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Reflections of a working writer and reader

 

 

The Song of the Lark by Willa Cather

Although Melissa Homestead spends most of the introduction giving reasons why we shouldn’t bother with it, I nevertheless enjoyed this book. Published in 1915, it traces the life of a Swedish-American girl raised in the western United States. Thea dreams of becoming an artist. Although trained as a pianist she discovers later that her true instrument is her voice, and it is as a singer that she discovers herself and a deeper perspective of the meaning of art.

This extract is taken from one of the earlier chapters, when she is still fifteen years old and being ‘brought along’ by one of her neighbours, Ray Kennedy:

The pleasantest experience Thea had that summer was a trip that she and her mother made to Denver in Ray Kennedy’s caboose. Mrs Kronborg had been looking forward to this rare excursion for a long while, but as Ray never knew at what hour his freight would leave Moonstone, it was difficult to arrange. The call-boy was as likely to summon him to start on his run at twelve o’clock midnight as at twelve o’clock noon. The first week in June started out with all the scheduled trains running on time, and a light freight business. Tuesday evening Ray, after consulting with the dispatcher, stopped at the Kronborgs’ front gate to tell Mrs Kronborg – who was helping Tillie water the flowers – that if she and Thea could be at the depot at eight o’clock the next morning, he thought he could promise them a pleasant ride and get them into Denver before nine o’clock in the evening. Mrs Kronborg told him cheerfully, across the fence, that she would ‘take him up on it,’ and Ray hurried back to the yards to scrub out his car.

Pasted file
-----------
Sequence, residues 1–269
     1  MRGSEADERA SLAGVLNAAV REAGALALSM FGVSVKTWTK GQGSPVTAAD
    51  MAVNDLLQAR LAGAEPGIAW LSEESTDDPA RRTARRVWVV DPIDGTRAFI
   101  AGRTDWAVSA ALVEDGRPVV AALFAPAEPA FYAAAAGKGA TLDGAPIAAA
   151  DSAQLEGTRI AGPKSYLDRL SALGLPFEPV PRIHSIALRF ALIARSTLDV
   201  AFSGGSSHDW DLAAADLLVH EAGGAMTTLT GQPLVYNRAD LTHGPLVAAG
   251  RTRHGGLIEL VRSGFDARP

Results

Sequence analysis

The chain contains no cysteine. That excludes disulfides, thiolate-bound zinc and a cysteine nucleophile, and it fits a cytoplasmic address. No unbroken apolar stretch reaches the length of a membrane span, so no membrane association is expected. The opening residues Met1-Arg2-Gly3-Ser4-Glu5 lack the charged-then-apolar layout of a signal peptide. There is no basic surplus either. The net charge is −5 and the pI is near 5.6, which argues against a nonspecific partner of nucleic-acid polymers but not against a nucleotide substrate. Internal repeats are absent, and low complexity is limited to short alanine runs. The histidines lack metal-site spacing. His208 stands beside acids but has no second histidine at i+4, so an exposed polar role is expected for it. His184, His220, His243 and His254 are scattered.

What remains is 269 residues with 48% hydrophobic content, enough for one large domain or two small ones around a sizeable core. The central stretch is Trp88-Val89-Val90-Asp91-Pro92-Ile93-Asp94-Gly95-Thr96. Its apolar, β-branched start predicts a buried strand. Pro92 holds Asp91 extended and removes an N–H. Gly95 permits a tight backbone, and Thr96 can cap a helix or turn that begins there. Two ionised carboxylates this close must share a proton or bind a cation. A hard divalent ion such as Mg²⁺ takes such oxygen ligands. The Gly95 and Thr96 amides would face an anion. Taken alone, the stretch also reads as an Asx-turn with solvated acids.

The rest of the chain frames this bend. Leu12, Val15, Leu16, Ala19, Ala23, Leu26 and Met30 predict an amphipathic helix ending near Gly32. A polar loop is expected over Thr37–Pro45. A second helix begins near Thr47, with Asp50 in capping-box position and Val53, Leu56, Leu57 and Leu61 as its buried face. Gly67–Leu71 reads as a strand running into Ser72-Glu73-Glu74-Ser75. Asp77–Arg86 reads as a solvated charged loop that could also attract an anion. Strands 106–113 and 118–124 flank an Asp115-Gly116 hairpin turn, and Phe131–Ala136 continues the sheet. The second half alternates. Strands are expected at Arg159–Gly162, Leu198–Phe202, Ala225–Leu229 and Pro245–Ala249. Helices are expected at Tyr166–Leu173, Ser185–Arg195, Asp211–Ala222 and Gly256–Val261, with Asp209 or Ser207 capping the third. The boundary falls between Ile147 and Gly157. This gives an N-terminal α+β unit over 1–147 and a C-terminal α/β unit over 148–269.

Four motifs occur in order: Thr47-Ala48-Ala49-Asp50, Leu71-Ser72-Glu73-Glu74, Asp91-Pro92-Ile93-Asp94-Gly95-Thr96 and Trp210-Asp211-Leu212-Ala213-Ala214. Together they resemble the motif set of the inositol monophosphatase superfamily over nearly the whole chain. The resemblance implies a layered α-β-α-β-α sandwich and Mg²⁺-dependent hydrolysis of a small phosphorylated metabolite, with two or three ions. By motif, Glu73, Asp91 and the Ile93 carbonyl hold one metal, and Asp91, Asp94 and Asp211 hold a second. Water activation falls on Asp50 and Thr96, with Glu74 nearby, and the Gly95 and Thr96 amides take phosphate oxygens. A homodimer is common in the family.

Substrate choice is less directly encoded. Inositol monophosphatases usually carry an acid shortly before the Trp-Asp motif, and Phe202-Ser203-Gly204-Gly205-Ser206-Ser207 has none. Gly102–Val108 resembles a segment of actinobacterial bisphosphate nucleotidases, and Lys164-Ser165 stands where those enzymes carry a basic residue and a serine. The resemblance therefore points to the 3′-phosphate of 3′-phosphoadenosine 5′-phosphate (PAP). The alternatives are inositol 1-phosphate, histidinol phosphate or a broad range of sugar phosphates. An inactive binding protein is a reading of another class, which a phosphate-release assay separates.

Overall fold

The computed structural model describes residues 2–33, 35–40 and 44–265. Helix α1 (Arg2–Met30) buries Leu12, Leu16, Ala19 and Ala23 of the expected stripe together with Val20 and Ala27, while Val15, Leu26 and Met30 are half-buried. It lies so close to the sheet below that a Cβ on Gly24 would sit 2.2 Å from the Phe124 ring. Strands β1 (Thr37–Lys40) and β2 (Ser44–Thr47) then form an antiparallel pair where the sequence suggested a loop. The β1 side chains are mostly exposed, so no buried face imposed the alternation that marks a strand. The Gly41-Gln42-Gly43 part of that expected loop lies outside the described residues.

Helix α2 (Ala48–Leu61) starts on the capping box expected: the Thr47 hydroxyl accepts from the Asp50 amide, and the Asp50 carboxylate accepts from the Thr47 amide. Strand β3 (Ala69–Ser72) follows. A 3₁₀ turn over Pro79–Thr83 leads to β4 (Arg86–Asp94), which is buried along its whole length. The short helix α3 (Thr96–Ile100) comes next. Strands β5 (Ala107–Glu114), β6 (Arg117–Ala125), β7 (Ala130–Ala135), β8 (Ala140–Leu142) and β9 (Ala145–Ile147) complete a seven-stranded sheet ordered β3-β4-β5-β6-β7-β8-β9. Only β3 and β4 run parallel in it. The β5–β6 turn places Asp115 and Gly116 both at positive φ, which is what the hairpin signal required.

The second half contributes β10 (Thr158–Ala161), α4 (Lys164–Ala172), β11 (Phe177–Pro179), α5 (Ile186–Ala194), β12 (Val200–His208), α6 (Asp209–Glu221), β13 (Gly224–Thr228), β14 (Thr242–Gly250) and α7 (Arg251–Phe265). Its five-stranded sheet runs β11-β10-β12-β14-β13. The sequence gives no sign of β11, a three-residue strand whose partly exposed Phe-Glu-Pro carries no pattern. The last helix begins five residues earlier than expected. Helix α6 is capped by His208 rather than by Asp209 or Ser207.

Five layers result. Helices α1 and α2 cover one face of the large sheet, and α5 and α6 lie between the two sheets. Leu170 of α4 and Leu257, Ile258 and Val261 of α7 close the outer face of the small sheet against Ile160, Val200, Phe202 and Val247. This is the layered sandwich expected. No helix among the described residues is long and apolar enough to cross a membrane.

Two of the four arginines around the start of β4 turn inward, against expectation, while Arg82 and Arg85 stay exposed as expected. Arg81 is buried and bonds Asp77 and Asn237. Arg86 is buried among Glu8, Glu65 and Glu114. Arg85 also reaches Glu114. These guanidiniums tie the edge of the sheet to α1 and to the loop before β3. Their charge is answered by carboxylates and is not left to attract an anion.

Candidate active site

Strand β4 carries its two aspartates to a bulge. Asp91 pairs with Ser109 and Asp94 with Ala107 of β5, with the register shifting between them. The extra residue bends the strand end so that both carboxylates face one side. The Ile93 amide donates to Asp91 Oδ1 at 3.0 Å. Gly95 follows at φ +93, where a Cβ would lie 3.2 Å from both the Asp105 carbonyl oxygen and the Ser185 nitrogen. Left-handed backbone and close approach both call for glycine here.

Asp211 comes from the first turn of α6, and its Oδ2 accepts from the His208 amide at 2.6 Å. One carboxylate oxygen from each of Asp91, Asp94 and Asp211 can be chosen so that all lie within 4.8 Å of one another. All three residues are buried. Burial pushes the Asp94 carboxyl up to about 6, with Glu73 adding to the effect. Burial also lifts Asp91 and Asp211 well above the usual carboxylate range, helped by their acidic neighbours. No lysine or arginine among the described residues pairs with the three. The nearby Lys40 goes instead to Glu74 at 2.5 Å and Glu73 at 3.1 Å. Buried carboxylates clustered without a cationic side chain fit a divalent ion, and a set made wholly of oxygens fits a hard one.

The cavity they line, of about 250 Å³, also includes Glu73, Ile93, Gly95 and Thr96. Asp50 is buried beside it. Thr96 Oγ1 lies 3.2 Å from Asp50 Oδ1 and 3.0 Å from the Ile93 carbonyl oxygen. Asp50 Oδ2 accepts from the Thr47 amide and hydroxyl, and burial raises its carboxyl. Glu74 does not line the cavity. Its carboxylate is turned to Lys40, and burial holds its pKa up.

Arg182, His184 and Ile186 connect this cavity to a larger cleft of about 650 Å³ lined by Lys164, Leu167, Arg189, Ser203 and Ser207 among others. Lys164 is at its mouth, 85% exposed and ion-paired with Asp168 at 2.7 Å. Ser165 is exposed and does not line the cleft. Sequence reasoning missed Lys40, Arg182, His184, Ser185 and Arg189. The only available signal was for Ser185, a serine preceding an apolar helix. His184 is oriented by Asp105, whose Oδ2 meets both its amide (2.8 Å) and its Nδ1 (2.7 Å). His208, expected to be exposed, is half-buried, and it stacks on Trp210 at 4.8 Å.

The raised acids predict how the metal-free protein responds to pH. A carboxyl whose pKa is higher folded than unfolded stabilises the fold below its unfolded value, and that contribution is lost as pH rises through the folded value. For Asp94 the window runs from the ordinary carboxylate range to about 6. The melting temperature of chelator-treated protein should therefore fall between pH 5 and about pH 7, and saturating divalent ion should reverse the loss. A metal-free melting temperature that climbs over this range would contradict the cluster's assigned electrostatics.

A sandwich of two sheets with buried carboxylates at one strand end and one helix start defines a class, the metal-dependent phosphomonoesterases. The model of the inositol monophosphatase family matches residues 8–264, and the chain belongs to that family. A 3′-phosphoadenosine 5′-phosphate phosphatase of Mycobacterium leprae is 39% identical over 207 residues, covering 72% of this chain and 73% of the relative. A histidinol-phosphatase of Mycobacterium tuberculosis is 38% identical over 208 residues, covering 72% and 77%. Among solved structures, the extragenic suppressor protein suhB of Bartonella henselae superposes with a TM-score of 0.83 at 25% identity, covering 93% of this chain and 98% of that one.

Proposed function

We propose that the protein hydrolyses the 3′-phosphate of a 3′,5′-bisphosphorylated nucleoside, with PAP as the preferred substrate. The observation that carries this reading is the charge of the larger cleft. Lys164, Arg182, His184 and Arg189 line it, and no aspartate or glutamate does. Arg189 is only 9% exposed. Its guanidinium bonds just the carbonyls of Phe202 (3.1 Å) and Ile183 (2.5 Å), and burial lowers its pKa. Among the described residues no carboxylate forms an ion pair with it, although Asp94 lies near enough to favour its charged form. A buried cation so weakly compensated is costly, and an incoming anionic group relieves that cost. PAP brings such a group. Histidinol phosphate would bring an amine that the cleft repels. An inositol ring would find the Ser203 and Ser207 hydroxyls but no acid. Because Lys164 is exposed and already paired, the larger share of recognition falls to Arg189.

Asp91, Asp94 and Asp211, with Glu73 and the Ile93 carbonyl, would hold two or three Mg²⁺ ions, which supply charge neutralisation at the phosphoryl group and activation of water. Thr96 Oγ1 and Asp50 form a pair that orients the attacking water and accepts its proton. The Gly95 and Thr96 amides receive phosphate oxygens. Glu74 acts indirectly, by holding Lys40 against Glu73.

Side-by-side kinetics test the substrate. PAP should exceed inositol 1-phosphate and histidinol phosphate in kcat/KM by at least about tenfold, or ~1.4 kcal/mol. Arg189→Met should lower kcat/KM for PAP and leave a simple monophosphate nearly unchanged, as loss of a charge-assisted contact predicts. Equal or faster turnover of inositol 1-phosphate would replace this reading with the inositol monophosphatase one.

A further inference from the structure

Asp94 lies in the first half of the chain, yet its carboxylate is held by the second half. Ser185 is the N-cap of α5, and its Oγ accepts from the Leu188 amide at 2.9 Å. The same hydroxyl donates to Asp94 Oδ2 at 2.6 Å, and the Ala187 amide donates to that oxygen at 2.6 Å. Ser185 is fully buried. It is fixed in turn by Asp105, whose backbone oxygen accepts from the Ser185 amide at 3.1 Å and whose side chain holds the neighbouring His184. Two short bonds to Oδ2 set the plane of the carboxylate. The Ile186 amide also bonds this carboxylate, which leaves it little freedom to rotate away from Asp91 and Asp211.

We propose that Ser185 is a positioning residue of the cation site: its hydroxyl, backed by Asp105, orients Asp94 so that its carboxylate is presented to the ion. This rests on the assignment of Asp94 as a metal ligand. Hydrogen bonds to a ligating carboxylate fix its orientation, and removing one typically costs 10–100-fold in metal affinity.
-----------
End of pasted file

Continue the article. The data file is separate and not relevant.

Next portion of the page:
The one complaint Ray’s brakemen had to make of him was that he was too fussy about his caboose. His former brakeman had asked to be transferred because, he said, ‘Kennedy was as fussy about his car as an old maid about her bird-cage.’ Joe Giddy, who was braking with Ray now, called him ‘the bride,’ because he kept the caboose and bunks so clean.

It was properly the brakeman’s business to keep the car clean, but when Ray got back to the depot, Giddy was nowhere to be found. Muttering that all his brakemen seemed to consider him ‘easy,’ Ray went down to his car alone. He built a fire in the stove and put water on to heat while he got into his overalls and jumper. Then he set to work with a scrubbing-brush and plenty of soap and ‘cleaner.’ He scrubbed the floor and seats, blackened the stove, put clean sheets on the bunks, and then began to demolish Giddy’s picture gallery. Ray found that his brakemen were likely to have what he termed ‘a taste for the nude in art,’ and Giddy was no exception. Ray took down half a dozen girls in tights and ballet skirts – premiums for cigarette coupons – and some racy calendars advertising saloons and sporting clubs, which had cost Giddy both time and trouble; he even removed Giddy’s particular pet, a naked girl lying on a couch with her knee carelessly poised in the air. Underneath the picture was printed the title, ‘The Odalisque.’ Giddy was under the happy delusion that this title meant something wicked – there was a wicked look about the consonants – but Ray, of course, had looked it up, and Giddy was indebted to the dictionary for the privilege of keeping his lady. If ‘odalisque’ had been what Ray called an objectionable word, he would have thrown the picture out in the first place. Ray even took down a picture of Mrs Langtry in evening dress, because it was entitled the ‘Jersey Lily,’ and because there was a small head of Edward VII, then Prince of Wales, in one corner. Albert Edward’s conduct was a popular subject of discussion among railroad men in those days, and as Ray pulled the tacks out of this lithograph he felt more indignant with the English than ever. He deposited all these pictures under the mattress of Giddy’s bunk, and stood admiring his clean car in the lamplight; the walls now exhibited only a wheatfield, advertising agricultural implements, a map of Colorado, and some pictures of race-horses and hunting dogs. At this moment Giddy, freshly shaved and shampooed, his shirt shining with the highest polish known to Chinese laundrymen, his straw hat tipped over his right eye, thrust his head in at the door.